All the dishes were served in beautiful traditional copper Indian dishes, which added to the charm and authenticity of the dinning experience. I started with a Lamb Rogan Josh and a Beef curry. The Lamb Rogan Josh had chunky pieces of lamb bathed in an aromatic curry sauce, served in a tall copper dish. The meat was tender and it didn’t have that strong gamy taste you find with roast lamb. The sauce was spicy, enough to break a sweat but not to numb your tongue. The beef curry was cooked with green pepper, tomato and onion, served on a flat dish. Again, it was a pretty spicy dish. The beef was nice and tender, it went well with the crunchy green pepper.

Saer offered a mango lassi, it’s a creamy sweet drink made from yogurt, water and mango pulp. This helped quench the fiery curry taste. This drink was absolutely delicious and you must try it. There are also other flavours available such as strawberry, banana and salted.

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Butter Chicken and Paneer Makhani

Butter chicken is a classic Indian dish which you cannot miss out on in an Indian restaurant. Curry House’s butter chicken was my favourite dish. It smells wonderfully buttery. The sauce was creamy and rich; it left a delicious mild sweet aftertaste in the mouth, making you want more.

I was introduced to an interesting Indian dish called Paneer Makhani (a cottage cheese and butter based dish). Paneer is a fresh cheese made by curdling heated milk with lemon juice, vinegar or any other food acid. It’s a common type of cheese used in traditional South Asian cuisine. Paneer Makhani has a sweet creamy buttery taste.

I was introduced to a vegetarian dish called Dal Palak. (Unfortunately, I didn’t take a photo of this dish so I can’t show you what it looks like.) Dal Palak is a curry dish cooked with a combination of spinach, dal (lentils) and garlic. The dish was yellowy green in colour and had a consistency of soup rather than the thick sauce you generally get with curry. Although the colour of this dish is not the most enticing, it’s actually very healthy for the body as it contains high levels of iron and fibre from the spinach, plus protein from the dal. Dal Palak at Curry House was a very light dish. I was told that this dish is usually eaten, towards the end of the main course, to help cleanse the palate.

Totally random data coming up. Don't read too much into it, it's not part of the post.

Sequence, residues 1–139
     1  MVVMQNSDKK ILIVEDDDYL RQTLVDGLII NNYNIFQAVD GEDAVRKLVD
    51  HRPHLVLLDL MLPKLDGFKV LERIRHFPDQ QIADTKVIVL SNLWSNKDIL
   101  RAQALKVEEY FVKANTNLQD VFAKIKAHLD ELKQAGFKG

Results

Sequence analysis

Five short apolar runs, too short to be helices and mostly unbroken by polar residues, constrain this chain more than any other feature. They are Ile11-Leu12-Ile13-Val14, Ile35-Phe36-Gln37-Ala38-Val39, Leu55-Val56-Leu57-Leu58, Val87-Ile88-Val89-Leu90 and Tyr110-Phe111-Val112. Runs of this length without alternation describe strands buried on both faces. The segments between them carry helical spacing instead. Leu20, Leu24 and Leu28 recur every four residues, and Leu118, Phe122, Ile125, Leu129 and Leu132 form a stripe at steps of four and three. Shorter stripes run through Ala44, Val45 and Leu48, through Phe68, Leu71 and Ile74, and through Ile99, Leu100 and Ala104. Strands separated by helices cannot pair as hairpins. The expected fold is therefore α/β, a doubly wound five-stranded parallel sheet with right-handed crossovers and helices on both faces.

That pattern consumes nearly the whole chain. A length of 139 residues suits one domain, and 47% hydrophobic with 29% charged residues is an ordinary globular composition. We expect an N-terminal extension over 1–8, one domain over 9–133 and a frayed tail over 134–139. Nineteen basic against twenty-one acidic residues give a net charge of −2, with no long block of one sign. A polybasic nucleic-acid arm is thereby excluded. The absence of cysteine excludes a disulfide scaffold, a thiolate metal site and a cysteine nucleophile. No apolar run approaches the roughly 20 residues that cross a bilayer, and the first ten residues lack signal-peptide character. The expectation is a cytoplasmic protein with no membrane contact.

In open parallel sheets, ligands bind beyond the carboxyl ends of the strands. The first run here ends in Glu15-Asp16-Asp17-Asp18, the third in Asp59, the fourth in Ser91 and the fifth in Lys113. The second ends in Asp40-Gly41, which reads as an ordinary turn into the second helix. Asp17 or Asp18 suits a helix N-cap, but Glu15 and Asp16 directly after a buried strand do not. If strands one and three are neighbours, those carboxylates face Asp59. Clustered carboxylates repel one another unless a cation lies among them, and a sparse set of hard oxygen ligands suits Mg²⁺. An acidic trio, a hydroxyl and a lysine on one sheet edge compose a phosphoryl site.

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Prawn Goa Curry

The last main dish I tried was Prawn Goa Curry. Goan cuisine is rooted along India’s west coast, along the Arabian Sea. The main ingredients of Goan cuisine are seafood, coconut milk, rice and local spices. The Prawn Goa Curry I tried was red in colour. Although it looked spicy, it was actually quite mild. The prawns tasted fresh and had a nice rubbery skin texture. The juices from the prawns were a little mild and didn’t taste as if marinated before cooked. When eaten with the curry sauce, they were delicious.

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Gulab Jamun

For dessert, I had Gulab Jamun, a fried milk flour sugar dough soaked in sugar syrup. The dough was juicy and soft, complementing the all so sweet sugar syrup.

My Verdict: The restaurant is welcoming and beautifully decorated. And if you have not try curry before then Curry House in Budapest would be the place to go. With so many different types of curry dishes to choose from, you will definitely find one that you’ll like.

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Special thanks to Saer and his team of staff for their warm welcome and hospitality.

Address:
Horánszky utca 1
Budapest, Hungary
1085

Telephone: (1) 264 0297
E-mail: [email protected]
Web-site: //www.curryhouse.hu